Notes: Cards' roster comes into focus

Notes: Cards' roster comes into focus

HOUSTON -- The last smidgen of doubt was removed for Bill Pulsipher, Randy Flores and even Abraham Nunez on Tuesday. The new Cardinals suited up in their road grays with navy caps and took the field for Opening Day introductions at Minute Maid Park, having officially made the Redbirds' roster.

The Cards purchased the contracts of Pulsipher and Nunez from Triple-A Memphis on Tuesday. Flores, along with Al Reyes and Hector Luna, was already on the roster but had to fight for a roster spot in Spring Training.

For Flores, it is the first Major League Opening Day in a nine-season professional career.

"The moment is to be enjoyed," he said. "But at the same time, if I wax philosophical, it takes me away from the job I've got to do to make this last a little longer. But it's a treat. It really is."

Flores was a jack-of-all-trades, and master of at least one or two for Triple-A Memphis last season. His 5-7 record says nothing about the job he did in several roles, posting a 3.82 ERA as everything from a starter to a short reliever. He recorded both a shutout and two saves, and that versatility will likely be called on by the Cardinals.

"It helped doing it last year in Memphis," he said. "I know that sounds weird, that doing something in Triple-A could help you, but the role did help. I was down there, I was starting, I was closing.

"I would say that I'm still able to use a bit of my arsenal, a bit of what I have, if I'm in a position where I'm coming in early in games and maybe get a time through the lineup or two. I have no idea what's gonna develop. There are a whole lot of possibilities."

Flores's roster spot had been relatively secure since Wednesday, when the Cards reassigned Kevin Jarvis to minor league camp, but Flores wasn't really sure of it until Monday. Pulsipher's position had been in some doubt as recently as Sunday evening. However, the club decided that it was confident in Pulsipher's ability to pitch despite a pair of recent minor injuries.

"It was just a question of showing health," said manager Tony La Russa.

Ank update: The Cardinals have requested release waivers on Rick Ankiel, and they will know Wednesday whether the pitcher-turned-outfielder has been claimed by another team. By requesting release waivers rather than outright waivers, the Cards allow for the possibility that Ankiel could refuse an assignment to another team.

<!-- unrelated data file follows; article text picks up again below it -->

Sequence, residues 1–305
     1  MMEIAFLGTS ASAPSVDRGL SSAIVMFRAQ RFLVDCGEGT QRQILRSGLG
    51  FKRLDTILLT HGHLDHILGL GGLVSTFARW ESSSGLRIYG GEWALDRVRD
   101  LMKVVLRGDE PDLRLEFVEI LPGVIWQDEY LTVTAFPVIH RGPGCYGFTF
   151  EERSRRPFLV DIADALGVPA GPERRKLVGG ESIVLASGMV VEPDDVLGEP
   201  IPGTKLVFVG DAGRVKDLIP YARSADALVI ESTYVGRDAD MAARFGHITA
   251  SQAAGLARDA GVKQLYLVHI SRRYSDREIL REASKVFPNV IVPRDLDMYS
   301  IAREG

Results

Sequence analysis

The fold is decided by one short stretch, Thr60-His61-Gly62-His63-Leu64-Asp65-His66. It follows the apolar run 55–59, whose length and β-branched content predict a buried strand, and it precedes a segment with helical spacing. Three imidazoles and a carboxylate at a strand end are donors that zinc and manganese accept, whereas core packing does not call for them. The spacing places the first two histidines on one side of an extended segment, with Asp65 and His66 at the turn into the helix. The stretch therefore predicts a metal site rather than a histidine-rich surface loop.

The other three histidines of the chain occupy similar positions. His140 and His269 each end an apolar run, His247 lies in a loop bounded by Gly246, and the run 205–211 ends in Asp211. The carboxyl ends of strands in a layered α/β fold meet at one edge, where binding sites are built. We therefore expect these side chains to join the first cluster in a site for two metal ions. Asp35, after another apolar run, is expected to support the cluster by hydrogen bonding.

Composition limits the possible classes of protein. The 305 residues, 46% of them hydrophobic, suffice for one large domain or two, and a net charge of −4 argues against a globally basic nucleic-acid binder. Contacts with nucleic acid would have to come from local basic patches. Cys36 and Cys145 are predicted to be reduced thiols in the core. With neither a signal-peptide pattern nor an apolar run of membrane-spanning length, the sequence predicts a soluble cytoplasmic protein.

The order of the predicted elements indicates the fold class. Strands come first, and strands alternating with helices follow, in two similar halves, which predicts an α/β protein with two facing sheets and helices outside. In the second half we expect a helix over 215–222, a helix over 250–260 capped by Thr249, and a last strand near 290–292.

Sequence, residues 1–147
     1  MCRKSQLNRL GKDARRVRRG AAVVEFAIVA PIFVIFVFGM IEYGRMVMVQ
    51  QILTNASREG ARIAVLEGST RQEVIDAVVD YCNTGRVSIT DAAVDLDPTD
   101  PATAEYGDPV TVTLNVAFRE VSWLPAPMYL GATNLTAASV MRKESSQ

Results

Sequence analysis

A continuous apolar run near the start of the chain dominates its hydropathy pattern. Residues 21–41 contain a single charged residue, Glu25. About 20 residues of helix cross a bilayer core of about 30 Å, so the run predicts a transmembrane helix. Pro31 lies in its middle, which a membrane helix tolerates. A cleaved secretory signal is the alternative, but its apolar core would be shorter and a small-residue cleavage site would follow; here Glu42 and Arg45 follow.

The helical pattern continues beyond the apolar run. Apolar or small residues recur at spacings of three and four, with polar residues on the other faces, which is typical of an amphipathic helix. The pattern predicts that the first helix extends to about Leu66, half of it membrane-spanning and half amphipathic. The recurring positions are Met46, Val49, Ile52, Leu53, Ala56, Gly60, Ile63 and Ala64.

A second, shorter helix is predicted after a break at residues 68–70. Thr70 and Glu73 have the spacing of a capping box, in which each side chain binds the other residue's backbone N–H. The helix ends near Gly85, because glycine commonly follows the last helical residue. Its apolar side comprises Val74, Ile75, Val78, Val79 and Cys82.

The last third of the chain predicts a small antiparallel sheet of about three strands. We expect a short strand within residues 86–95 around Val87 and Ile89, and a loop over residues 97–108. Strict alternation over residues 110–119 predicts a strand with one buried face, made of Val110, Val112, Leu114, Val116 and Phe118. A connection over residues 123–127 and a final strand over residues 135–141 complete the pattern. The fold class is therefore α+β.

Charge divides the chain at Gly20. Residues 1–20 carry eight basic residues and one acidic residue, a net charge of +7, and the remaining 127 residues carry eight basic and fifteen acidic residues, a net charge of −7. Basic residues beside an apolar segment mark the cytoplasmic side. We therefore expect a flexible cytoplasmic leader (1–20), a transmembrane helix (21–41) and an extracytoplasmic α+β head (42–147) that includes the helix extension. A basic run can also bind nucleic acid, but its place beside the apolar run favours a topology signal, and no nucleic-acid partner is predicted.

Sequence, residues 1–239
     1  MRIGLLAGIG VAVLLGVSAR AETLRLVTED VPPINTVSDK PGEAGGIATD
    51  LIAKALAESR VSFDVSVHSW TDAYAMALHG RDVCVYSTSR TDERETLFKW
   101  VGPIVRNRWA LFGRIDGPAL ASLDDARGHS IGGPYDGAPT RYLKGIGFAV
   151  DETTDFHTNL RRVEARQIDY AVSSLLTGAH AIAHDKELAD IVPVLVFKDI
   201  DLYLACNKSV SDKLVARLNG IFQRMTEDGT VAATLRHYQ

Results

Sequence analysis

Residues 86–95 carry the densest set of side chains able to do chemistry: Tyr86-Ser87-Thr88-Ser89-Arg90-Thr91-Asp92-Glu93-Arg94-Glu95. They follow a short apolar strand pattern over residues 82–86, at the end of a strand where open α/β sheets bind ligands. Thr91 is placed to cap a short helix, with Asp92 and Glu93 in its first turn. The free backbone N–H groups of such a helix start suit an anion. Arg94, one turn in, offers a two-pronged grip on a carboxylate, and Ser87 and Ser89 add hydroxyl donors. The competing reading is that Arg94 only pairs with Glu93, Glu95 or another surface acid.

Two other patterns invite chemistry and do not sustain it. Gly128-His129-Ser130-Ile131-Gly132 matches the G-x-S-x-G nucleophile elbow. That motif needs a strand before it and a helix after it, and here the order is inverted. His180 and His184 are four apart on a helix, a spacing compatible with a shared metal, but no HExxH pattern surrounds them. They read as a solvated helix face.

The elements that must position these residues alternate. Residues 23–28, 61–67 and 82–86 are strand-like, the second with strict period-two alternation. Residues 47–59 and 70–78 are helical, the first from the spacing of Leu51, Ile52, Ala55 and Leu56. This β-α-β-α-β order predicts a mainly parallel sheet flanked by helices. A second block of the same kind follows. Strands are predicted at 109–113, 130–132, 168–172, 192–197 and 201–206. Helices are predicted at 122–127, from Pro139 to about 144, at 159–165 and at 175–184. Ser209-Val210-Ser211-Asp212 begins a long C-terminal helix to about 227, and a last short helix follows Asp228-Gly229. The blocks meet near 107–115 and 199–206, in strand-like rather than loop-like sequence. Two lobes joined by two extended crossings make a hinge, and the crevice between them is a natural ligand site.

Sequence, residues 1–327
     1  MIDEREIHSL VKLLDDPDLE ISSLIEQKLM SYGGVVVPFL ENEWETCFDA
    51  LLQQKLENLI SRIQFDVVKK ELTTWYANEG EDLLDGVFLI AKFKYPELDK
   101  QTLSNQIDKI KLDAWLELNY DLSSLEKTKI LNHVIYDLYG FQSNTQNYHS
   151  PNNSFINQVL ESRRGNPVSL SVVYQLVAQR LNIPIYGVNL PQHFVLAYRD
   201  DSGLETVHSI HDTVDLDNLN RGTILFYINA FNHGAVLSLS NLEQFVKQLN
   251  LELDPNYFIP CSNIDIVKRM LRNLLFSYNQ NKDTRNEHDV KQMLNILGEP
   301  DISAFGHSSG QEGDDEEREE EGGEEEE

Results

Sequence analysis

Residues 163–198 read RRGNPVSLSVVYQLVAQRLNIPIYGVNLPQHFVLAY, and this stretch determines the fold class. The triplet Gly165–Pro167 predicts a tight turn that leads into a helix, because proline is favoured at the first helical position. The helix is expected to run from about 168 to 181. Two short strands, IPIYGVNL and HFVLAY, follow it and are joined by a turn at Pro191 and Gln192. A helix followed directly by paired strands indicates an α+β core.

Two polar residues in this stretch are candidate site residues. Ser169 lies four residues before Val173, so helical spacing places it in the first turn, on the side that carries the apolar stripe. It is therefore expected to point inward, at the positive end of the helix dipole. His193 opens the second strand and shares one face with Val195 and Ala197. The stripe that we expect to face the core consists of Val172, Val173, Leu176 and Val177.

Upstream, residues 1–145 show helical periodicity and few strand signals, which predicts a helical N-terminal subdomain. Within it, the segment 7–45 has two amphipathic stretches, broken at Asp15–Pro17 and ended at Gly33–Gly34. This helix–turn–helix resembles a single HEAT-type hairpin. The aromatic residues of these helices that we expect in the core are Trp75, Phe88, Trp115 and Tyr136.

Should Ankiel clear waivers, he would receive his release. However, the Cards would then almost certainly re-sign him and assign him to the minor leagues so he can pursue his attempt to become a successful outfielder.

Morris officially shelved: In an entirely expected move, the Cardinals have placed Matt Morris on the 15-day disabled list retroactive to Sunday. That will enable Morris to be activated as soon as April 18, in time for his scheduled April 19 start against the Brewers in Milwaukee. Morris will make two rehabilitation starts in the minor leagues: one on Thursday April 7 and one on Tuesday, April 13, both at Class-A Palm Beach.

Ailing hurlers: Ray King returned to the Cardinals on Tuesday, a day after feeling ill. Cal Eldred is still sidelined, however, due to a respiratory illness. Eldred stayed back at the team hotel on Tuesday and it's uncertain when he might be able to return to action.

Number switches: Two Cardinals opened the regular season with different uniform numbers than the ones they wore at the end of Spring Training. Roger Cedeno has switched from 32, which he had worn from his debut with the Cardinals, to 19, which he wore as member of the New York Mets. Flores, who wore No. 61 in spring as well as last year in his brief stint with the Major League club, has taken No. 34.

Both numbers were worn by Cardinals last year: Woody Williams had 19 and Steve Kline had 34. Other departed Redbirds whose numbers have already been taken include Mike Matheny (22, by David Eckstein) and Edgar Renteria (3, by Nunez).

Quotable: "The more times you go through it, the more excited you get. You know how special it can be." -- La Russa, on his 26th Opening Day as a Major League manager

Matthew Leach is a reporter for This story was not subject to the approval of Major League Baseball or its clubs.